Helping customers has kept Gerry Borer, 73, excited about going to work, whether at San-Mar Pharmacy or Rite Aid.
She retires today after 40 years.
"I started out as a clerk," she said, referring to San-Mar. "We had four children and we needed the money, it helped to subsidize the budget, and to keep busy. I started as a full-time employee there."
PHOTO BY CATHY WILLOUGHBY
Gerry Borer in a familiar place — behind the counter at Rite Aid.
Borer started up front, waiting on customers, then moved to the pharmacy, eventually doing bookkeeping.
"I worked with the utilities (payments) and the post office," Borer said. "Then I was promoted and did accounts payable. I did that until I came here - that was a full-time job."
"I was always busy, we did so much," she explained. "We cashed checks, took utility bills, there was lots of post office work. It was very, very busy...I loved San-Mar. I wished I had kept a log of all of the people I worked with. There were just oodles of people that I got to know."
When San-Mar was purchased by Rite Aid, Borer and about 12 other employees were promised jobs at the new store.
"I was promised a job, I was secure because I was considered a key person," she said. "I did start full time, then after I reached 62, I went to part time."
She does much of the work she did at San-Mar, bookkeeping and helping customers.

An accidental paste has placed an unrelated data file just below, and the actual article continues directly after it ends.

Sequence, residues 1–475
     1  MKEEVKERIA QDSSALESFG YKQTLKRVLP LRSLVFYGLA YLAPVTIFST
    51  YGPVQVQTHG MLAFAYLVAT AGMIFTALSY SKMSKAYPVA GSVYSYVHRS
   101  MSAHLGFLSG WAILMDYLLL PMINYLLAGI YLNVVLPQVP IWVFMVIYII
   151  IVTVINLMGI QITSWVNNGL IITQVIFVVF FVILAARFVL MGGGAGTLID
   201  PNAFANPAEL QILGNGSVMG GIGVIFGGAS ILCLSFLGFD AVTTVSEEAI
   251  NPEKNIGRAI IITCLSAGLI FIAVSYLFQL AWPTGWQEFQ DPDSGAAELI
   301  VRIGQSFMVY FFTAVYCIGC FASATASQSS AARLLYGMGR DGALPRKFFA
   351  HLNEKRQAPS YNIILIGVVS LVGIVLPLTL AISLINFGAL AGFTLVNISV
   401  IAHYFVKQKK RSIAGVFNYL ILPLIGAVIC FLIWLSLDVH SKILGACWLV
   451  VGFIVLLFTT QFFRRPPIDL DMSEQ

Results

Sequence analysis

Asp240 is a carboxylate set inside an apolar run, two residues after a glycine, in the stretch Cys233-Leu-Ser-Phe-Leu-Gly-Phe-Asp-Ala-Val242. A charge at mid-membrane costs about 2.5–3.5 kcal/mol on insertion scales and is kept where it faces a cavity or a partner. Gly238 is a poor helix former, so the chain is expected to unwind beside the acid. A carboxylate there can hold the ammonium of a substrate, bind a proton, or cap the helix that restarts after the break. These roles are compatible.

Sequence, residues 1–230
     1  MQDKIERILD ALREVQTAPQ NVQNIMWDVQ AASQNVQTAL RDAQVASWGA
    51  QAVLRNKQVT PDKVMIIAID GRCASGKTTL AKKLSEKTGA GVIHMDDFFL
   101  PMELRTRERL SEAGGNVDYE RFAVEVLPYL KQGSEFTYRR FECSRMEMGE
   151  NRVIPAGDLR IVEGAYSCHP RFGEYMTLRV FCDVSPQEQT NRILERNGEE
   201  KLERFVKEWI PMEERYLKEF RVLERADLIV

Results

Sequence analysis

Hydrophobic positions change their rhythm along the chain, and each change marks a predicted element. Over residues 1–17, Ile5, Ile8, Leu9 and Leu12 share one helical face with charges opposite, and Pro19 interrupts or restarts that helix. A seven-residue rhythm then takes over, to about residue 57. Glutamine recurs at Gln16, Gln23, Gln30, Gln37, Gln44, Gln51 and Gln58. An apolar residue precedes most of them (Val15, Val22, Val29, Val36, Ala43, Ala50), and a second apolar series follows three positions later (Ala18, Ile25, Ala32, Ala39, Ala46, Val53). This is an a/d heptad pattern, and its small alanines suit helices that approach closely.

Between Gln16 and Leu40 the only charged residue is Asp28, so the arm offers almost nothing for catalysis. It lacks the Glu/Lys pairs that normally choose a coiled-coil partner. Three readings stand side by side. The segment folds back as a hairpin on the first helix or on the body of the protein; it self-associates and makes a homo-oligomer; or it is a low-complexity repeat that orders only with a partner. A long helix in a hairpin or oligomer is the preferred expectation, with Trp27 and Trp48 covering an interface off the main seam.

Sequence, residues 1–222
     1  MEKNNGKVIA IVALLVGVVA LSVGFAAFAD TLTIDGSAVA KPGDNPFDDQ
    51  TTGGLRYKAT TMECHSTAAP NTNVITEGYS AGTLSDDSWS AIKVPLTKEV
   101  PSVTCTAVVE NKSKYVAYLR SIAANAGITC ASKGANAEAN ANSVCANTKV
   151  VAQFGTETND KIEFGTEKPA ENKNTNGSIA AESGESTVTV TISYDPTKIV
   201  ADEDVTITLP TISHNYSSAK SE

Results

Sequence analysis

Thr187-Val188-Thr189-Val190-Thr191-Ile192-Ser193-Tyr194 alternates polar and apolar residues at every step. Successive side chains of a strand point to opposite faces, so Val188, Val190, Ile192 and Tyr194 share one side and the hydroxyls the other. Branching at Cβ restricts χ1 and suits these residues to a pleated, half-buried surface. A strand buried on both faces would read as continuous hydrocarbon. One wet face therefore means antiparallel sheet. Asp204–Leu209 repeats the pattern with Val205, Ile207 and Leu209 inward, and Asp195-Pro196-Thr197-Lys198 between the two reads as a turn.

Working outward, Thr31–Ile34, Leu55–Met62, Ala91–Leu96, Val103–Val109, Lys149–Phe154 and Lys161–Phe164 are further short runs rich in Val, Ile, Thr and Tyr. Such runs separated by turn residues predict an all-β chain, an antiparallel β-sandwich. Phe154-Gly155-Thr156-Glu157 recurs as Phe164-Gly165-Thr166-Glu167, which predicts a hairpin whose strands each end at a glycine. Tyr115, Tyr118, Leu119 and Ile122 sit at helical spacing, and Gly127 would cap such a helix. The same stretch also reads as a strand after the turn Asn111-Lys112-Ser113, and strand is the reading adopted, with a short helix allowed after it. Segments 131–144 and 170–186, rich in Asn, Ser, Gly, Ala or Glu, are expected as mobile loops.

"I love to make people happy," Borer said. "Helping them when they are looking for something, then getting a smile from them. The best part of the job is the customers."
She often opens the store at 7 a.m. She collects utility information from machines, and balances those. If there is an error, she must find the discrepancy - a bit of detective work she enjoys.
"There can be as many as 400 utility payments, and the first part of the month is the busiest," she said. "At San-Mar, we would get about 1,000 utility payments to keep track of. There are not very many places that do it, and we are the only place that does Ohio-American Water. No other place takes that in."
After doing deposits, she helps co-workers wait on customers, put merchandise away or unload trucks.
Some changes over the years include computerized cash registers and using computers to record utility payments.
"And now we scan the products. Before, everything had to be priced, and back then we learned to make change," Borer said.
She has seen many customers grow up, and some pass away. Often someone will recognize her from her work at San-Mar.
"Someone will come in and say, 'Didn't you work for San-Mar?'''she said. "They remember me faster than I remember them. It's nice to see a familiar face. And it's sad to see how many have died."
"At San Mar they used to deliver orders, and I used to collect their orders," Borer said. "So you get to know them. One lady was so nice ... Sometimes they just needed somebody to talk to."
Connie Woods, store manager, moved with Borer from San-Mar Pharmacy.
"She is an excellent role model," she said. "She's a good example, she's good with customers and she's conscientious about her work."
"I will miss her," Woods added.
Borer said it took some time to realize it was time to retire.
"I made up my mind this year," she said, citing some medical concerns. "I want time to spend with my husband and family."
"I know my whole family will be happy," Borer said. "I have seven grandchildren and I really enjoy them.
"We like getting together on weekends. Now we can make plans - I don't have to worry about work anymore."